Following the previous collections of the brand (ORANGE CULTURE ) , the designer has efficiently played the cards of Diversity and Androgynous in a more creative and contemporary way.
For this collection, Adebayo Oke-Lawal, the Creative Director for Orange Culture chose to infer on garments, the religion of romance. Romanticism is at the base of the fabrications and shapes. A story of blossoming teenage boys – the full spectrum of what it means to be young, which encompasses the carelessness of love, the angst of failure, and also the delicateness of hurt. The collection begins with that startling moment a teenage boy realises that hurt is part of the journey too.
As a Nigerian boy, you are not necessarily allowed to own hurt, even if it is staring you right in the face. It is a deeply rooted patriarchal system that invalidates pain as an essence to maleness. Mostly you are required to be a man before you are old enough to realise that being a man is overrated.” Oke-Lawal tells.
But there is also a progression into recovery, into a subtle acknowledge of self-bravery, and self-love and these teenage boys being able to find themselves despite some of the worst pains of abuse. The collection, as it is titled “pretty” shows there is no anger to it; no form of rebellion or self-pity; no persisting shadow of victimisation. In some sense, it is a collection of rebirths – the moment after, the sense of journeying along, despite it all, and the idea of being broken to become beautiful.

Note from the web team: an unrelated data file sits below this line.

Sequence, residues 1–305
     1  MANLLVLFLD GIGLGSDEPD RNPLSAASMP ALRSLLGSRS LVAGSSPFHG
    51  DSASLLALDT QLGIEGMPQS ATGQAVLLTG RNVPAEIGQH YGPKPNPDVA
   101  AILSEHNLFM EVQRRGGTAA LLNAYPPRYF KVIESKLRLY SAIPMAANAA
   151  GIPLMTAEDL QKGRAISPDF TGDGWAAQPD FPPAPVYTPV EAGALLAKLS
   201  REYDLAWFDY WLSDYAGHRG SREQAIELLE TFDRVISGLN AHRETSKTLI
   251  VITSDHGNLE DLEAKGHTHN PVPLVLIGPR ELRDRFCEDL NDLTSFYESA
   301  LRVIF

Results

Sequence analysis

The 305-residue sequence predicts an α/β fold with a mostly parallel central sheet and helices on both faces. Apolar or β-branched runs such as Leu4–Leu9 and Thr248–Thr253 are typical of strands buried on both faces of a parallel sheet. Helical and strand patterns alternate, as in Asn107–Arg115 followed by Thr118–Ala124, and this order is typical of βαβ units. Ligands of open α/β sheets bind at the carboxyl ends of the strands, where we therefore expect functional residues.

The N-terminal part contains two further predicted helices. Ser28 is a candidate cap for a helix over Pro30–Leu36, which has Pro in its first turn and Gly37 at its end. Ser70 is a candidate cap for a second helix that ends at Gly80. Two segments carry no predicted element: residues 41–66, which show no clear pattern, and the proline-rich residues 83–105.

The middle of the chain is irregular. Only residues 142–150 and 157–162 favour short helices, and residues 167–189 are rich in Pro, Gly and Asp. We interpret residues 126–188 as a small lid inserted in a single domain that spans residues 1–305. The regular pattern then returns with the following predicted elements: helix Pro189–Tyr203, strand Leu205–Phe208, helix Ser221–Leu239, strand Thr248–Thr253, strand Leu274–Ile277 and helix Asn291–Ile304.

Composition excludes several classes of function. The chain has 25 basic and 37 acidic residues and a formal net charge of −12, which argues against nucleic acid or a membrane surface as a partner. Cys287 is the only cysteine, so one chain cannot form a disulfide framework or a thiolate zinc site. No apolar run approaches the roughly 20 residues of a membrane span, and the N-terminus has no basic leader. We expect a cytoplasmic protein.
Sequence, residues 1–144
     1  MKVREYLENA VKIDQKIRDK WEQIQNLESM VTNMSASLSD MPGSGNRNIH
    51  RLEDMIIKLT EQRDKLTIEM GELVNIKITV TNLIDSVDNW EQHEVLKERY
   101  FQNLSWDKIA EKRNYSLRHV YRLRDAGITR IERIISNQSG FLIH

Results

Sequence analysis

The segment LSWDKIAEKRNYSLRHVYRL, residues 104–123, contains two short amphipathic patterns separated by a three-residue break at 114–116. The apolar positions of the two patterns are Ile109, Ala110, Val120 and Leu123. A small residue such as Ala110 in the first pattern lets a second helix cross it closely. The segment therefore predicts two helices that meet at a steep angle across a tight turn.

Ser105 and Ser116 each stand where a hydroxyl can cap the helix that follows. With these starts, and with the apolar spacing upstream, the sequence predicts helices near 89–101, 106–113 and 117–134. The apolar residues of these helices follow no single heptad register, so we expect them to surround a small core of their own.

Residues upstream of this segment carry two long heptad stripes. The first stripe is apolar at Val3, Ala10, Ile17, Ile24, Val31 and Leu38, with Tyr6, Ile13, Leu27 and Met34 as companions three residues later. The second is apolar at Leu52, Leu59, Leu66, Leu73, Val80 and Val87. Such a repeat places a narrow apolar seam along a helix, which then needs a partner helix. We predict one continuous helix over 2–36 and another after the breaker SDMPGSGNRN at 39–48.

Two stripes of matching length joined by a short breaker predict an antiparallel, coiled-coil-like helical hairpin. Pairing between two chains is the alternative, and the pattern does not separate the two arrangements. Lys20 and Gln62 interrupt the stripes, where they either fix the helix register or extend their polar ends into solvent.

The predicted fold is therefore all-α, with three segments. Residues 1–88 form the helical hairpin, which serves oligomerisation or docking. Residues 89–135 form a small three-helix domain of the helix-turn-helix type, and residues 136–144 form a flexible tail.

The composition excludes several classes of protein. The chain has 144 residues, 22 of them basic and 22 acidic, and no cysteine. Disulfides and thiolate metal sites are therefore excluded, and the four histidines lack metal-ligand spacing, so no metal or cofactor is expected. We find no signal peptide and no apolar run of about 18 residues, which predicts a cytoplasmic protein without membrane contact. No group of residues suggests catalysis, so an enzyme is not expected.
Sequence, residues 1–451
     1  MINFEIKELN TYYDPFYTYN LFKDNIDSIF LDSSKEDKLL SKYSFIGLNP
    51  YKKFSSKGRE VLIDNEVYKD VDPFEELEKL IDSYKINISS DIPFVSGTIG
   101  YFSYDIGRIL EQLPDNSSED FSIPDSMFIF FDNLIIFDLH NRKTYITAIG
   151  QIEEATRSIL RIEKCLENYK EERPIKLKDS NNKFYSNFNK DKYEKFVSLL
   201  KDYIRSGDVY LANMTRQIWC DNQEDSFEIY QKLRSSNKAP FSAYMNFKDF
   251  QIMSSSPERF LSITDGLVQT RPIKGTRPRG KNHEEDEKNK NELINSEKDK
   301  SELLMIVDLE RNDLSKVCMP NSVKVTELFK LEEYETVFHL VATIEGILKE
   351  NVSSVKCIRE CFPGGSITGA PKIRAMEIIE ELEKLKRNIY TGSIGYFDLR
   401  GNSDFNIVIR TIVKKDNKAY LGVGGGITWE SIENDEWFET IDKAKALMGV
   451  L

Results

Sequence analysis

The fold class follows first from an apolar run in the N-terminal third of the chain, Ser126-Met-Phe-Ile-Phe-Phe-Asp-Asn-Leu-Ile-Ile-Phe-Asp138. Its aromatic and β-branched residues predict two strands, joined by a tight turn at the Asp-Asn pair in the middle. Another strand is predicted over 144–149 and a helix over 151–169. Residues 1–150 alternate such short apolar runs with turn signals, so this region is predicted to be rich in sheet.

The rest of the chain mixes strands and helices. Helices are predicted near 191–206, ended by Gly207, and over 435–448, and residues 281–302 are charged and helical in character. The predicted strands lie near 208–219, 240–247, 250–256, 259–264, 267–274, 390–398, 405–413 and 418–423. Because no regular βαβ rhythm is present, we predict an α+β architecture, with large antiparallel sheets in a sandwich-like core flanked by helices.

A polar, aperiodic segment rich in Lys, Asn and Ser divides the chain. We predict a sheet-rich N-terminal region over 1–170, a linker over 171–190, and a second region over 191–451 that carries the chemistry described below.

Quilted parkas, soft crepes and lamb leathers were layered to express the intensity of the romanticism/vulnerability behind the collection. The delicate prints, emotional colours and extra frilled detailing were added on to push the story even further. Shot with a Polaroid camera to capture an emotional moment in time.
As with the collections before, all pieces are manufactured in Lagos from ethically-sourced fabrics from local Nigerian fabric makers. Jewellery is made in collaboration with Nairobi-based brand ADÈLE DEJAK (@adeledejak).